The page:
In 2023, following the downfall of the crypto exchange FTX, the Securities and Exchange Commission (SEC) of the United States has exhibited substantial involvement within the cryptocurrency market. To set the scene, the SEC's stance on the crypto market has not been positive this year. On the contrary, it has fueled scrutiny and excess uncertainty in perhaps the single most crucial market for crypto assets, namely the US.
To name a few examples, at the beginning of this year, Kraken, a prominent cryptocurrency exchange, consented to a $30 million settlement with the SEC after the agency claimed that Kraken's staking service was organized in a manner resembling securities. As part of the settlement, Kraken also agreed to discontinue its staking service for clients in the United States. Later, the SEC took legal action against two other major players in the exchange landscape: Coinbase, the largest crypto exchange in the US, and Binance, the world's largest exchange, including its US subsidiary named Binance US.
The allegations centered around the accusation that these exchanges are operating as unregistered securities exchanges. While the range of allegations against Binance are far more extensive, the overarching question of whether a significant portion of cryptocurrencies and their associated products should be classified as securities carries immense significance for the entire market. This determination could potentially have far-reaching consequences, including the possibility that many cryptocurrencies might no longer be eligible for trading within the US. Such an outcome would profoundly impact the respective ecosystems of these cryptocurrencies.
In this context, the sole cryptocurrency that might definitively be excluded from being classified as a security, as indicated by the SEC, is Bitcoin. The Chairman of the SEC, Gary Gensler, explicitly contended last year that Bitcoin should be considered a commodity rather than a security, although he has stated that he believes that most cryptocurrencies are securities: “The law is clear. I believe based on the facts and circumstances most of these tokens are securities”. On the other hand, Coinbase has argued that they do not deal with securities, battling the SEC on its stance, which caused the latter to sue Coinbase in June.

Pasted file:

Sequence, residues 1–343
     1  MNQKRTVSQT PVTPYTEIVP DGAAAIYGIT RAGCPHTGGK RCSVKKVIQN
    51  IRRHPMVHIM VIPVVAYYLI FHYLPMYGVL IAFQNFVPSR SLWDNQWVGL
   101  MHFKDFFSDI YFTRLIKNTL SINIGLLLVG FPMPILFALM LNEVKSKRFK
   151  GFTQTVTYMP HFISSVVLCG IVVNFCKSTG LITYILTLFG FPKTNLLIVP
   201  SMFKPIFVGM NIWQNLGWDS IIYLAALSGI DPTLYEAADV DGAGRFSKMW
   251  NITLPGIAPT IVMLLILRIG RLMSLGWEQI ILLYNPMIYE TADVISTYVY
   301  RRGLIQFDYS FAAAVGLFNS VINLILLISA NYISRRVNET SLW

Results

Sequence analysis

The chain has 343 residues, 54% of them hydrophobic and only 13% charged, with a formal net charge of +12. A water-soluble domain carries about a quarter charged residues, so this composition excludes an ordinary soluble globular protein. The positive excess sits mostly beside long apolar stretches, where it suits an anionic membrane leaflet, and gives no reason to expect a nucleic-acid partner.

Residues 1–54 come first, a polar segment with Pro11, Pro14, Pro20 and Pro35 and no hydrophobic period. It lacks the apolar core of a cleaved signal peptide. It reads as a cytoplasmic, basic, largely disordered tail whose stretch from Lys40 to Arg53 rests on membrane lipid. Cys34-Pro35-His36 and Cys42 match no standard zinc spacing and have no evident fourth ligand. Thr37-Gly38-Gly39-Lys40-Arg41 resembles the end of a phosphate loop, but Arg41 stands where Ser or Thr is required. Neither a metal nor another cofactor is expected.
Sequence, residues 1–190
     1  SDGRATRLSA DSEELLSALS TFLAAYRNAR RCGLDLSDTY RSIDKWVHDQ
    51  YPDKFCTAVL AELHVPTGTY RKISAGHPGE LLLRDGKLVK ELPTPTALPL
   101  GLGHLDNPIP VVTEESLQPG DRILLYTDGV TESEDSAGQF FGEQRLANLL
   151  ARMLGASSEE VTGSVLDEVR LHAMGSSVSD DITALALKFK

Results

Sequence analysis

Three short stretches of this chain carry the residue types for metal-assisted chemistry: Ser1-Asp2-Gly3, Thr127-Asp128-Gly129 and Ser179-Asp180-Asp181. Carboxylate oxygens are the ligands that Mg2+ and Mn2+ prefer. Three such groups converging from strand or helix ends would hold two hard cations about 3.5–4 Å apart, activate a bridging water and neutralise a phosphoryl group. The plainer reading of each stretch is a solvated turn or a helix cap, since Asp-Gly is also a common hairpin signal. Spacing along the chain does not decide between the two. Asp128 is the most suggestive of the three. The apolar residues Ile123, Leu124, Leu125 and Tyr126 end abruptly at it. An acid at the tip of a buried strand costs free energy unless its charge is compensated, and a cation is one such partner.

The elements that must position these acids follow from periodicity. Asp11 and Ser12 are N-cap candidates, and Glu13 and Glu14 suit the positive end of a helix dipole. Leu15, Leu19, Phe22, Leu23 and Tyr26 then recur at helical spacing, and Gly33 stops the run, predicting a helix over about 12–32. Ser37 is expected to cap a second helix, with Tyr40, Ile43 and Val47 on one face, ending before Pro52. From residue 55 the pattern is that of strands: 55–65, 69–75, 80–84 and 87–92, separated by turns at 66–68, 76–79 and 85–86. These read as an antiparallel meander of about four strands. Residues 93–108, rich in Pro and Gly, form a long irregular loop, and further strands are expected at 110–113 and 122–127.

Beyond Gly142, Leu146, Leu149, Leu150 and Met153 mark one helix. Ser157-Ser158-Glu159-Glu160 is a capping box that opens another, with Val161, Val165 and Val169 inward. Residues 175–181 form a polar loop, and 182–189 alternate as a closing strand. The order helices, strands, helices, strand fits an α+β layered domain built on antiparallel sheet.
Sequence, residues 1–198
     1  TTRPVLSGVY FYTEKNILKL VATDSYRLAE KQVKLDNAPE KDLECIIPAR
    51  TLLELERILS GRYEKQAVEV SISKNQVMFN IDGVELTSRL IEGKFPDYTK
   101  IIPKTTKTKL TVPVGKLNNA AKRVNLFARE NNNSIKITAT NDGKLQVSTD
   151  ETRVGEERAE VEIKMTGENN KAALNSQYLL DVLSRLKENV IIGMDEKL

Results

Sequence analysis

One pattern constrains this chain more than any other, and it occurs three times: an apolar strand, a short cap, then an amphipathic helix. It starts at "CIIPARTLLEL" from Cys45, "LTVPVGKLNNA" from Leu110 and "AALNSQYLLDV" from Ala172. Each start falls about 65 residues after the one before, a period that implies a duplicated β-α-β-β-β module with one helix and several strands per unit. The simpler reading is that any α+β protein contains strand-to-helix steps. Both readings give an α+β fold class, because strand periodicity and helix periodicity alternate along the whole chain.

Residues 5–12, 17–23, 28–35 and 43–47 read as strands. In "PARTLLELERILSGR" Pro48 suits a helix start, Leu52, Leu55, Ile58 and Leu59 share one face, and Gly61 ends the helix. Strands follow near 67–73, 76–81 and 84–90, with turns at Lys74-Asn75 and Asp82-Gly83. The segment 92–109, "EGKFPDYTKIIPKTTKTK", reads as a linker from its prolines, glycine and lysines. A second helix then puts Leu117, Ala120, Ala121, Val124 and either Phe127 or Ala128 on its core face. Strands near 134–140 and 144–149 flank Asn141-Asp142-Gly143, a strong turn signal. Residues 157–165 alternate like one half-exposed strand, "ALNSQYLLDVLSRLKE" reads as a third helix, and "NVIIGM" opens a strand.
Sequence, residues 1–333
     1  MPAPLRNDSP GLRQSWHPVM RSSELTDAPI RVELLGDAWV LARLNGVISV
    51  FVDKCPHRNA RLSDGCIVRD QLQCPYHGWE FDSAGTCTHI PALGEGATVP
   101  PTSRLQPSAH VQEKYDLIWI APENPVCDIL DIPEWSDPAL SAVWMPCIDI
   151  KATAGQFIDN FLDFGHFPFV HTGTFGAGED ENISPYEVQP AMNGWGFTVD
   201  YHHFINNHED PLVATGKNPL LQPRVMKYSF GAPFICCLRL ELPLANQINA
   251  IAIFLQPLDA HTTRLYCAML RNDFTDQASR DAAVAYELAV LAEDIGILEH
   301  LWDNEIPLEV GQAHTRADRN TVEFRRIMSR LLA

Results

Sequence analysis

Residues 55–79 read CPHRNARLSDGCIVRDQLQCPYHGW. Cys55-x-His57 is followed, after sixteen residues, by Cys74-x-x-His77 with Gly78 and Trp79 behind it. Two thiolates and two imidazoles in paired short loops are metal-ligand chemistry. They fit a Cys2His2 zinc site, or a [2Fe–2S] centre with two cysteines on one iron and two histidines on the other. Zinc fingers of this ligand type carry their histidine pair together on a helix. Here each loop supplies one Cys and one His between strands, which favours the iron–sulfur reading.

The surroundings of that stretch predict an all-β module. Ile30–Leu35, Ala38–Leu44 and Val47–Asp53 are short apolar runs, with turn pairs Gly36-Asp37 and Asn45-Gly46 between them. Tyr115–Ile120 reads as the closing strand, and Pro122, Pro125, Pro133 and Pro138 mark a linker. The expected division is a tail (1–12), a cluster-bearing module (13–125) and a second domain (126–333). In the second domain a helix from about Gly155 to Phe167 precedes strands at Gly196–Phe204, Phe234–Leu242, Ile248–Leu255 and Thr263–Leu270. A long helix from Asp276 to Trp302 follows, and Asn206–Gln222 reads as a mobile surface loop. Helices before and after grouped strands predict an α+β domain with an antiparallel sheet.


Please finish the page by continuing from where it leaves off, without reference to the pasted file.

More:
So, it has been a tough year as to regulation in the US, to say the least. Now, however, it appears the SEC might have some positive impact on the crypto market, as the agency could change its stance on a crucial matter, namely crypto exchange-traded funds (ETFs).
A Bitcoin futures ETF and that’s all
Crypto ETFs have been the holy grail for the community ever since Cameron and Tyler Winklevoss (yes, the twins portrayed in The Social Network) filed for the first spot Bitcoin ETF in 2013. It is assumed that an ETF is to bring considerable assets under management, as it allows non-crypto native retail and institutional investors to effortlessly get exposure to Bitcoin within a thoroughly regulated framework. Still, the SEC rejected the ETF proposal by the Winklevoss twins, highlighting that the crypto market is prone to manipulation and lacks investor protection. Another shot was given by the twins, but the SEC once again turned down the proposed Bitcoin ETF in 2018.
Since that, countless firms have tried to sweet talk the SEC into approving spot Bitcoin ETFs but without any luck. Despite these rejections, the SEC gave the market a little taste of crypto ETFs in 2021, as the agency approved a Bitcoin ETF based on regulated futures. The latter was highly anticipated since the market counted on it to attract outside capital more easily and viewed it as a stepping stone for a spot ETF to follow. The futures Bitcoin ETF has attracted a reasonable amount of capital, as the largest ETF titled ProShares Bitcoin Strategy ETF has about $1.1bn in assets under management.
When that has been said, as these are based on Bitcoin futures, they carry additional expenses from rolling futures contracts every month, for instance, leading the ProShares Bitcoin Strategy ETF to underperform Bitcoin this year. As these ETFs have exposure to Bitcoin futures rather than exposure to spot Bitcoin, they have archived significantly less inflow than a spot ETF would have realized, altogether meaning that Bitcoin has seen limited gain from these ETFs.